Military coup’s turmoil disrupts academic activities
Ibrahim Traoré, a captain in the country’s army, announced on 30 September that the army had seized power and ousted military leader Paul-Henri Damiba, who led a coup eight months ago.
The country’s new military leaders said in a TV statement that they had suspended the constitution, sealed the borders, dissolved the transitional government and legislative assembly and instituted a 9pm to 5am curfew.
The coup has been condemned by the African Union, which called on the military to respect human rights and comply with electoral deadlines for the restoration of constitutional order by 1 July 2024.
Turmoil affects teaching
Theophile Bindeoue Nasse, a lecturer at New Dawn University in Burkina Faso, told University World News through WhatsApp voice notes and messages that there has been no decision by the leaders to close universities.
“Public universities located outside Ouagadougou, the capital city of Burkina Faso, offered some lectures but there was no teaching at those in the capital,” Nasse said.
“Some private universities still do lectures but others do not think it is safe to continue because of the turmoil in the country,” said Nasse.
“Because of security reasons and the closing of some roads by troops, classroom activities were postponed not to put students lives in danger,” he noted.
The ministry of education issued a communiqué closing schools nationwide until further notice and the airport remains closed, according to a 1 October security alert published by the US embassy in Ouagadougou.
On 1 October, protesters attacked the French embassy in Burkina Faso’s capital after supporters of the coup leader accused France of harbouring the ousted interim president, a charge French authorities denied.
As a result, new reports indicated that there were still signs of violence in the capital.
The Burkina Faso Students and Trainees Association in Ghana posted a video clip on its Facebook pages. Accompanying comments welcomed the coup, with statements such as: “We stand with you, only do not make the same mistakes as the previous leader.”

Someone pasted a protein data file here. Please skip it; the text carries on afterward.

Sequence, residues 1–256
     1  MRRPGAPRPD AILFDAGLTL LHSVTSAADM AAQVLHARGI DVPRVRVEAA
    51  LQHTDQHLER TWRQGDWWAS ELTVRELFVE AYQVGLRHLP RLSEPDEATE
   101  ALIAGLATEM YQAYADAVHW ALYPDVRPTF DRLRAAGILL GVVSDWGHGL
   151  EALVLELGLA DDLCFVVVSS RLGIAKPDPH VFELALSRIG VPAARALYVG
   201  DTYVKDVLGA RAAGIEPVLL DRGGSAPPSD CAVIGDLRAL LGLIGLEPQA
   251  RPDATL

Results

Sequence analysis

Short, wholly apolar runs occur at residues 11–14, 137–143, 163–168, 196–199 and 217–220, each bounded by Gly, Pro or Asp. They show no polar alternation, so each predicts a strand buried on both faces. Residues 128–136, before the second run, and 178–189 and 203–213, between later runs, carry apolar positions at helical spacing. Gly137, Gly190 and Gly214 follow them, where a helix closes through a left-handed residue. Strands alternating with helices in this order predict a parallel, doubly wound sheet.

Nasse said the academic community hopes that leaders will understand educational development challenges.
“These educational challenges include lack of equipped labs and lecture rooms, shortage of qualified lecturers, security crises and bad working conditions for university staff, along with financial support [needed] for students,” said Nasse.
“Most of the appointed leaders come to enjoy positions but not to improve the weak university performance indicators,” he pointed out.
A 2020 article entitled ‘State of higher education in Burkina Faso’ indicated that higher education in Burkina Faso must overcome numerous challenges, including the lack of infrastructure and teacher staffing levels in the nation’s higher education institutions, along with gender disparity.
On the security crisis issue, in Burkina Faso, attacks on schools, universities, students and education personnel continued at a high rate during the 2020-21 reporting period, according to Track Attacks on Education (TRACE) Data Portal – a new tool which applies humanitarian technology to generate reliable, timely data on attacks on education to be freely shared.
In 2020 and 2021, 185 attacks were recorded and 274 students and educators were abducted, injured, killed, or otherwise harmed by armed groups or during military action in 2020 and 2021. Also, 85 schools and universities were damaged or destroyed.
Burkina Faso is a weak performer in terms of its knowledge infrastructure. It ranks 144th out of 154 countries in the 2021 Global Knowledge Index (GKI) that measures knowledge performance of countries worldwide using seven sectorial indices, including higher education and research, development and innovation (RDI).
It also ranks 133 in higher education and 152 in research, development and innovation along with being 18th out of the 27 countries with low human development.